Although the thin sole is not built for any rough surface, it does provide a protective layer for the runner. The company claims the sole is five times more puncture-resistant than a standard sole of the same thickness, and reviewers agreed that the shoe did its job on the pavement and other flat surfaces. That said, runners who plan to hit a rocky trail will need to choose a shoe
that is good for uneven surfaces and unexpected obstacles.
This shoe has a removable footbed, so the runner can customize it to his or her preference. If you need the warmth and extra comfort, leave it in. But if you want a bigger breeze and the absolute highest level of ground feel, remove the inlay and you’ll get up close and personal with the pavement. Reviewers also complimented the fact that these shoes hold their shape. If you remove the insole, the shoe still looks like a shoe, not a piece of rubber the public wasn’t meant to see. When it comes to materials, the company is proud of the fact that the VivoBarefoot
Stealth it is 100% vegan
. This shoe is made without any animal products or processes.
The upper part of the VivoBarefoot
Stealth II is made with hexagonal webbing, a breathable mesh. The company designed it to work seamlessly with your foot. Some reviewers said they felt the shoe creased just across the top of the foot, and that it was uncomfortable until the shoe was broken in. Others warn the color on the shoes will bleed if you get them wet. One woman reported spilling water on her foot, and another ran on a wet day. Both were disappointed that the colors bled on the other parts of the shoe and on their socks. Laces are always a big topic for runners, and the reviews on these are mixed. Some said they were no problem, while others claimed they needed to be retied often, but the majority of reviewers mysteriously didn’t give them a mention at all. Lastly, the toe box gets a thumbs up from most reviewers for being wide and natural without being too roomy.
This is a barefoot and lightweight shoe
, so it’s made with concessions to give it minimum weight. One of those is the way the upper and midsole are put together, with the fusing done by heat rather than extra materials. The VivoBarefoot Stealth II for men weighs 9 ounces and the women’s version is 7.4 ounces. Reviewers who are used to running on a heavier, more cushioned shoe said even just a few ounces was quite noticeable. They felt their legs could last longer without fatiguing. And athletes who travel often say it’s convenient to have shoes that don’t take up much weight or space in their luggage.
This shoe breathes, so if you live in a warmer climate, your feet will thank you. But if you get out when there’s a chill in the air, you’re going to feel it on your feet also. The mesh design on the upper, shaped like a honeycomb, allows air to whiz right through it. If you do have a habit of sweating through your shoes, make sure you clean them right after your run. VivoBarefoot recommends using natural products whenever possible.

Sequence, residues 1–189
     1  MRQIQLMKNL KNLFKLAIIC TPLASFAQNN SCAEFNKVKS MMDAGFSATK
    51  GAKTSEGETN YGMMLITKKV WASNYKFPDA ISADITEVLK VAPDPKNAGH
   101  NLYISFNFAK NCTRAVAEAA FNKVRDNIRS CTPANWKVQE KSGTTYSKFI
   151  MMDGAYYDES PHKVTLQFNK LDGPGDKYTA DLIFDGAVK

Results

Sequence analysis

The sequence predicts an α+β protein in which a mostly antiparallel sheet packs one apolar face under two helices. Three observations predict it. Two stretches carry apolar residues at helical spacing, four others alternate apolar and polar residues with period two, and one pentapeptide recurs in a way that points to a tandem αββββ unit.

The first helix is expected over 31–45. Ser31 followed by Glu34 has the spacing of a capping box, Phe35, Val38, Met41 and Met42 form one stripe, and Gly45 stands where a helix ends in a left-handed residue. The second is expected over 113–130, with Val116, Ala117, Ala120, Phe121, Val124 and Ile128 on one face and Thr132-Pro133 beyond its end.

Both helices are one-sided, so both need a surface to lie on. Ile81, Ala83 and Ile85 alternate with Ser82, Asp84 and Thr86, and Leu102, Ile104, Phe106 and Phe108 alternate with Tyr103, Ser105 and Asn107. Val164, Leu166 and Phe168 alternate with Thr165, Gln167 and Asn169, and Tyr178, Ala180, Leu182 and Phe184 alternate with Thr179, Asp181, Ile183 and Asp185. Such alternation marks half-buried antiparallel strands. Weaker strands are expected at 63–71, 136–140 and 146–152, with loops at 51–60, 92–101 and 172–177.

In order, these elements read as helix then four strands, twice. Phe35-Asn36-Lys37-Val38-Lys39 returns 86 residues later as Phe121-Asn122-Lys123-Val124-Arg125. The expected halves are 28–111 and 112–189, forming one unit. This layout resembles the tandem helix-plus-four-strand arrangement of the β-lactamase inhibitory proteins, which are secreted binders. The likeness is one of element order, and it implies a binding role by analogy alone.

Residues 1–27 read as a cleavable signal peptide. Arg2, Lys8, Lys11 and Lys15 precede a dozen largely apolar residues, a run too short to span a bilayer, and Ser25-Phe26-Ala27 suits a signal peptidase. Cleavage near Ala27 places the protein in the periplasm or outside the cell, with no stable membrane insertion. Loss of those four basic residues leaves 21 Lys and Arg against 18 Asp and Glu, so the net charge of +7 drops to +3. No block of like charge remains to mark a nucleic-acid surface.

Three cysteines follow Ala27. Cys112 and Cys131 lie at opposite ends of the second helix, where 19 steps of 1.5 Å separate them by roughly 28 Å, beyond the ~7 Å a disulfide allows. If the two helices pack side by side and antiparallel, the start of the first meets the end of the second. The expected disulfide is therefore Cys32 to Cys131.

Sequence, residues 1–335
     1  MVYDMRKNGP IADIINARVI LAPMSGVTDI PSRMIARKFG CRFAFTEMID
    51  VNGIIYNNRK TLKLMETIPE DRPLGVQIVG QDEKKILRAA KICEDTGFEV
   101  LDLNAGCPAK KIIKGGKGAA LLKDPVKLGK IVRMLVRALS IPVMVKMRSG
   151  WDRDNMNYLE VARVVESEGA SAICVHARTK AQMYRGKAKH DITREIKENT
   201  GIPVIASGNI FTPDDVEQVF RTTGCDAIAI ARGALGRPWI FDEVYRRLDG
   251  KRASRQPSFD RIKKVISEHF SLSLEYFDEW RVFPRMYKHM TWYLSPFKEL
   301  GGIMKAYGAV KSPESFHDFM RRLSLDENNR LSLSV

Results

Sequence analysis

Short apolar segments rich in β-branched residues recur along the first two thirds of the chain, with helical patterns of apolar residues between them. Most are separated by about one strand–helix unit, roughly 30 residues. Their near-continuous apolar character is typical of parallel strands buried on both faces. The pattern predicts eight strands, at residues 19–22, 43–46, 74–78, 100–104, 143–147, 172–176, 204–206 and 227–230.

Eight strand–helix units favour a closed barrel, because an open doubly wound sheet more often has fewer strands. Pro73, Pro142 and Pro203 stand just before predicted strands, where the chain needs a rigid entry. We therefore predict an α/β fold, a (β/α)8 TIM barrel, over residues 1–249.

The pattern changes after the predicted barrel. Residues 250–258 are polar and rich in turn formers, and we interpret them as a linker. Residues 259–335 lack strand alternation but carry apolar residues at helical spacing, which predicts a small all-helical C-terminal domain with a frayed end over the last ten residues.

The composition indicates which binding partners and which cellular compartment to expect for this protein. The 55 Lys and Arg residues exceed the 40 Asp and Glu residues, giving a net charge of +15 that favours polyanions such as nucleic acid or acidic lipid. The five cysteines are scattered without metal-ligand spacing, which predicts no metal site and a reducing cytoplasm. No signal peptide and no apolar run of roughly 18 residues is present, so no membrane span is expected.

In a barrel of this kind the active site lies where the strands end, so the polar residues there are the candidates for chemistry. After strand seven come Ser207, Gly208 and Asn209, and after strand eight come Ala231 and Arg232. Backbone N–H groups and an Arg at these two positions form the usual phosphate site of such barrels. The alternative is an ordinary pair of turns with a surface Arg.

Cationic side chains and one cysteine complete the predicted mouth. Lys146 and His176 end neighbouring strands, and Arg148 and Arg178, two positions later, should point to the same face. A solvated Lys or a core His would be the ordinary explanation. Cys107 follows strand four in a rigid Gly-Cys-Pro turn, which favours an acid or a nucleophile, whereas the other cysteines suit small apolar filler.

Because this is a barefoot shoe, there is more priority given to the light weight, flexibility, and breathability, than comfort. But the shoe didn’t fail the comfort test. Athletes said they walked in them, worked in them, and participated in CrossFit in them, all with positive results. Most reviewers found the key to staying comfortable in the VivoBarefoot Stealth II was to limit your time in them initially and work up to longer segments of time and longer runs. This is a shoe that requires a transition period for anyone who isn’t already accustomed to the barefoot lifestyle.
As far as size, the VivoBarefoot Stealth II is not far off of being true to size. Most reviewers said they either selected their usual size or went for one just a half size larger than they normally wear.
For VivoBarefoot Stealth II, black is the new black. The designers have taken your basic black running shoe
and thrown in a few red accents. The black and red combination is an option for both men and women. The company also created a coral option for women, but runners jumped on it and now reviewers are having a hard time tracking those down. A grey and lime green option, which the company calls “grey and lemon” was also created and is available in limited size options on Amazon. All colors have the same logo on the sides and the hexagonal pattern on the mesh.
Because the materials are fused together by heat, the company brags that the shoe has “stitchless durability”. Reviewers who had also purchased the VivoBarefoot Stealth I said this new version made improvements to how the shoe lasts. They didn’t suffer through broken laces or peeling soles as they had in the first of the series. Most reviewers said they’ve been wearing the shoes for 2-3 months and they look the same as when they came out of the box.